The rise of rights consciousness is outgrowing institutional capacity to meet or contain workers’ demands. Workers have more rights on paper—and are more aware of them—than ever before. But in reality they have little leverage in their places of employment, and the protection that their interests receive from the courts and the government is uneven at best. Not surprisingly, worker protests do not look as if they will disappear from Chinese life anytime soon.

But they may yet spread in another direction: as consciousness of labor rights solidifies, higher-ranked workers and even managers have sometimes taken the lead in workplace uprisings, with labor demands that galvanize unrest in the lower ranks. The moments of convergence between upper- and lower-tier employees faintly echoes the brief cross-sector solidarity that protesters displayed at Tiananmen.

The CLB report notes that workers are increasingly conscious of their rights and willing to act against exploitative management, writes Lubman:

In addition, the weakness of the only legal trade union, the state-controlled All-China Federation of Trade Unions (ACFTU), is a weak tool of the party and usually remains inactive in the face of protests.

The rise of social media and availability of inexpensive smartphones makes it easier for workers to organize and initiate collective action.  The CLB report also notes that although protests by factory workers attract the most publicity in the press, more workers’ protests occur outside factories, such as demonstrations by taxi drivers, teachers and sanitation workers.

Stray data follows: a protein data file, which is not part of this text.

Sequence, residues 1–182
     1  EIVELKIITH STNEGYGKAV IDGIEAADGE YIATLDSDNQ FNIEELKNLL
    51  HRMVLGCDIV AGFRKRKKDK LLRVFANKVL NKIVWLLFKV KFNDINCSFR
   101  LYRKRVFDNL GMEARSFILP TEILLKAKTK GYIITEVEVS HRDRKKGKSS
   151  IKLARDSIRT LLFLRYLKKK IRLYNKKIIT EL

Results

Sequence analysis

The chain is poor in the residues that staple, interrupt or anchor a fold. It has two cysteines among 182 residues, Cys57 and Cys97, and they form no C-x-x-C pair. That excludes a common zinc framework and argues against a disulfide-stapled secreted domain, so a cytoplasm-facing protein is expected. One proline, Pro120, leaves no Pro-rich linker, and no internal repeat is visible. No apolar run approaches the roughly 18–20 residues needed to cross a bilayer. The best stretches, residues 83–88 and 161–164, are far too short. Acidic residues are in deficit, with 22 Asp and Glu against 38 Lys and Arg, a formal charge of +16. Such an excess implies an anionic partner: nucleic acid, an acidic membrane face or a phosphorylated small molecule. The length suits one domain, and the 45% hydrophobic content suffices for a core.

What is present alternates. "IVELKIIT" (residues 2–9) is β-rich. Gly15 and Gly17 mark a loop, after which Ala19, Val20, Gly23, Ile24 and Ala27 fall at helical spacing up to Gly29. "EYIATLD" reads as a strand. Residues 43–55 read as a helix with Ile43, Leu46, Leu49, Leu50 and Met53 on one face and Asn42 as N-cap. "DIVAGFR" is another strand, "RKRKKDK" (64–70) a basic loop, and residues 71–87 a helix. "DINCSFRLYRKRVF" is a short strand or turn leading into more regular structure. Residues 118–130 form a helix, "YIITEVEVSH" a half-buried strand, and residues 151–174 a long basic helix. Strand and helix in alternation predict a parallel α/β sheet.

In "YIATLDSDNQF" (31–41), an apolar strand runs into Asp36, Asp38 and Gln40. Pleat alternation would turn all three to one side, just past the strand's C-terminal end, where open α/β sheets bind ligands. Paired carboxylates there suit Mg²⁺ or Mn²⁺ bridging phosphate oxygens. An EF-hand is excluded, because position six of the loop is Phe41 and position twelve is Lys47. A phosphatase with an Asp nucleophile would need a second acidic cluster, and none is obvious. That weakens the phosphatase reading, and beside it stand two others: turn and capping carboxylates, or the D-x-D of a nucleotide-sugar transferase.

The report concludes by predicting continued strikes and collective protests that will force more employers to respond to collective demands.  While the report emphasizes developments in relatively liberal Guangdong, it predicts that support from civil society organizations, media and the public will expand elsewhere in China. It predicts, too, that local governments will “play a difficult balancing act,” and that pressure will grow on the ACFTU to increase efforts to protect and promote workers’ interests.


Stanley Lubman, a long-time specialist on Chinese law, is a Distinguished Lecturer in Residence at the University of California, Berkeley, School of Law. He is the author of “Bird in a Cage: Legal Reform in China After Mao” (Stanford University Press, 1999) and editor of “The Evolution of Law Reform in China: An Uncertain Path” (Elgar, 2012).

Details emerge of army chaos before Tiananmen massacre

US China Tiananmen PhotoOn a spring evening in 1989, with the student occupation of Tiananmen Square entering its second month and the Chinese leadership unnerved and divided, top army commanders were summoned to headquarters to pledge their support for the use of military force to quash the protests, Andrew Jacobs and Chris Buckley write for The New York Times:

One refused.

In a stunning rebuke to his superiors, Maj. Gen. Xu Qinxian, leader of the mighty 38th Group Army, said the protests were a political problem, and should be settled through negotiations, not force, according to new accounts of his actions from researchers who interviewed him.

“I’d rather be beheaded than be a criminal in the eyes of history,” he told Yang Jisheng, a historian.

Although General Xu was soon arrested, his defiance sent shudders through the party establishment, fueling speculation of a military revolt and heightening the leadership’s belief that the student-led protests were nothing less than an existential threat to the Communist Party.

9 states murder or ‘disappear’ workers seeking rights